Across Time and Tundra: The Inuvialuit of the Canadian Arctic

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2003-2005: Special Exhibitions Gallery D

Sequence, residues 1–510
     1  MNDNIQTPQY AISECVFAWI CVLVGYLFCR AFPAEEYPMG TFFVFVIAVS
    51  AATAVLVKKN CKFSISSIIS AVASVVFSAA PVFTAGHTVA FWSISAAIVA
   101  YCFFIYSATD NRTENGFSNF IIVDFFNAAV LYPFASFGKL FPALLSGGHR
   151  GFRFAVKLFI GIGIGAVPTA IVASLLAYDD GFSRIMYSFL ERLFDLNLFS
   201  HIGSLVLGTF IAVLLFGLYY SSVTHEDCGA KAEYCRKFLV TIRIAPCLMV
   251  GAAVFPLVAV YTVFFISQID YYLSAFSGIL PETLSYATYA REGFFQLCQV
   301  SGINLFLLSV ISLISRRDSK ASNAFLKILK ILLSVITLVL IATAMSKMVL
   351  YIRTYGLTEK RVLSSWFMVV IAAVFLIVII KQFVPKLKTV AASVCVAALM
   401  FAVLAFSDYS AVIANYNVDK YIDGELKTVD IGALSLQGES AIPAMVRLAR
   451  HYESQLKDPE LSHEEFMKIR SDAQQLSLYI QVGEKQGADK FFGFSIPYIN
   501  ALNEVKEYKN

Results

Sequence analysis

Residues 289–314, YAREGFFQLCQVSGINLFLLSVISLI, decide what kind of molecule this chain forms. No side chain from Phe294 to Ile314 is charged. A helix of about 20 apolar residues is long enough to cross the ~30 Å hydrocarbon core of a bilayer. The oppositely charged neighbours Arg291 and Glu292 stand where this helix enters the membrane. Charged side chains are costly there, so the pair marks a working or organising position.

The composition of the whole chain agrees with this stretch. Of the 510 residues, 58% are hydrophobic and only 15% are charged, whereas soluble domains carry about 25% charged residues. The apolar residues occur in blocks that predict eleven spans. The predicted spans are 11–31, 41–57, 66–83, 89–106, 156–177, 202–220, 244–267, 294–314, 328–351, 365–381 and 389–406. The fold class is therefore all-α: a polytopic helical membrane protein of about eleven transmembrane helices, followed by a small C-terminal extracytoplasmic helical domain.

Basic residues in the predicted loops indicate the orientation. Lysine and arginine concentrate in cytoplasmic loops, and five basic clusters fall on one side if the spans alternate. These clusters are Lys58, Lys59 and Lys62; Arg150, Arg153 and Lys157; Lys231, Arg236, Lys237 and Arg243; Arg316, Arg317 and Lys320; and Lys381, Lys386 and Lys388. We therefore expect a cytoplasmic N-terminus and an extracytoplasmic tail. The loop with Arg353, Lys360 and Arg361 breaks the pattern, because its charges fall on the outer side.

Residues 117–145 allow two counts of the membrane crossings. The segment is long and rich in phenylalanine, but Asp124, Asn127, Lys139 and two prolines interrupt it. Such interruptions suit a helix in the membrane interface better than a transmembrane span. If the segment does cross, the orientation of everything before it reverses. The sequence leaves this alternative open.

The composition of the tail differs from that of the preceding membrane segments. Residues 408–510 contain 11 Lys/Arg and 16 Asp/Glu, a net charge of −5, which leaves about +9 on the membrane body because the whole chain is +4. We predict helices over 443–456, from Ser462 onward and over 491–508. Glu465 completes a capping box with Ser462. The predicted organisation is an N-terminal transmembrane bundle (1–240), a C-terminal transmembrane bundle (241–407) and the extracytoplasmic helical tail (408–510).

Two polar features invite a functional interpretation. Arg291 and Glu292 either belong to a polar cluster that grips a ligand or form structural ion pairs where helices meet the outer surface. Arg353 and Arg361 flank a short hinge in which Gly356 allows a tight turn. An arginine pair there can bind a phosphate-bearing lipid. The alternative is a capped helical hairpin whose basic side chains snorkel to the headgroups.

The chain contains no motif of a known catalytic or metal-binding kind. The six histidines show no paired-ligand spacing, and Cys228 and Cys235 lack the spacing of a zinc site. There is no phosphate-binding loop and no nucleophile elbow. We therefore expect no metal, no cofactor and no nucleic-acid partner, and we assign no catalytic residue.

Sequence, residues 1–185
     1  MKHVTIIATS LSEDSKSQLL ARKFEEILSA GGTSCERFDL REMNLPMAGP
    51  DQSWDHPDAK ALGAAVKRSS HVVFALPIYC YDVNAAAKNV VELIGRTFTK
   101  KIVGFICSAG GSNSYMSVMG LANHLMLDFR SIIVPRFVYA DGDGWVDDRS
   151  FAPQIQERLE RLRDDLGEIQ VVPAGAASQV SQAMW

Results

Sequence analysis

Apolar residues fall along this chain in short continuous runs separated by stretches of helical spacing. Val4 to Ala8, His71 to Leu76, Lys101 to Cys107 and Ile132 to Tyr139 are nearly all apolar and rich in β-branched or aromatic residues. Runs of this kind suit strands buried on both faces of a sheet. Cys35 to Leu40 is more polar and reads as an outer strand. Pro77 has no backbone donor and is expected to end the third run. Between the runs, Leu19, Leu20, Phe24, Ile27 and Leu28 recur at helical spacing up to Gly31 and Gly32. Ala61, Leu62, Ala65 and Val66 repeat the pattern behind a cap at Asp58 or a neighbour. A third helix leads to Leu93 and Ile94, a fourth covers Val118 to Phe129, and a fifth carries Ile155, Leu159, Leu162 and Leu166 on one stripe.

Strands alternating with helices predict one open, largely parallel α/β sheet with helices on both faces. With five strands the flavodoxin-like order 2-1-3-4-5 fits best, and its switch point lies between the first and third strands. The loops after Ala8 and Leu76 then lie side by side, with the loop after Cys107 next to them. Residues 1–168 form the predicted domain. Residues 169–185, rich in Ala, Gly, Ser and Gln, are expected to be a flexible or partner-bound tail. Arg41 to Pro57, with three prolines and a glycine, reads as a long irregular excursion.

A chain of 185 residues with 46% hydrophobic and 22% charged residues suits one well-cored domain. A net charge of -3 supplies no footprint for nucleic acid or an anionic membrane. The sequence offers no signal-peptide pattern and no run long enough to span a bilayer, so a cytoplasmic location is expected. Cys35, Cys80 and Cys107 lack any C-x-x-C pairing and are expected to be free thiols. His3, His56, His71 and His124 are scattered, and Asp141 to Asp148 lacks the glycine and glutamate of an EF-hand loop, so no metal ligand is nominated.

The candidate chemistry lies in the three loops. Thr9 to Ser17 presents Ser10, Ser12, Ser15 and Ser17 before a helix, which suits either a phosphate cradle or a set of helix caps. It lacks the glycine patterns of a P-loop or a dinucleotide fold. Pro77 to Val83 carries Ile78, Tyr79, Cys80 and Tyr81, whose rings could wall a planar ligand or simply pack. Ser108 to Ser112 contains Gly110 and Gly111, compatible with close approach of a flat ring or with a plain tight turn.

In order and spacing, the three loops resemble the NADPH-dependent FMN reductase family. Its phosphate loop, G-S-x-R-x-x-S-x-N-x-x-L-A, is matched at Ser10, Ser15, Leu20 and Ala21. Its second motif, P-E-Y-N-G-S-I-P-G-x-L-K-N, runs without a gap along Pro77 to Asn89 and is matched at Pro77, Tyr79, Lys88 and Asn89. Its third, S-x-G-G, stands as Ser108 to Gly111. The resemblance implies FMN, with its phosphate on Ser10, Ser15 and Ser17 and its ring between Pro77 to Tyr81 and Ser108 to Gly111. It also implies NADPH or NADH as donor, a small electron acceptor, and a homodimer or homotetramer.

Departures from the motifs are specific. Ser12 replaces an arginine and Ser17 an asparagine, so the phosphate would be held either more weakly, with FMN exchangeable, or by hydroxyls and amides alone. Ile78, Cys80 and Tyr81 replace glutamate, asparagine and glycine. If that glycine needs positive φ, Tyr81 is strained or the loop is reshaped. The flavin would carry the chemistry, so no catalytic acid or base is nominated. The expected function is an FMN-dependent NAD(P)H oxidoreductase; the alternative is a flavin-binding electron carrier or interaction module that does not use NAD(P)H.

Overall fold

Inuit living in the western Canadian Arctic call themselves “Inuvialuit”, meaning “real human beings”, and have long considered themselves distinct from other Canadian Inuit. Today this distinct identity has a political dimension; the Inuvialuit chose not to join Nunavut (the new Inuit territory in the eastern Arctic), but to remain in the Northwest Territories under their own land claim agreement. The exhibition “Inuvialuit” explores the history of this unique Arctic people, from their first arrival in the Canadian Arctic from Alaska about a thousand years ago to the modern era. The exhibition highlights material collected by fur trader Roderick MacFarlane in the 1860s, and the photographic resources of the Anglican Archives, dating from the 1890s.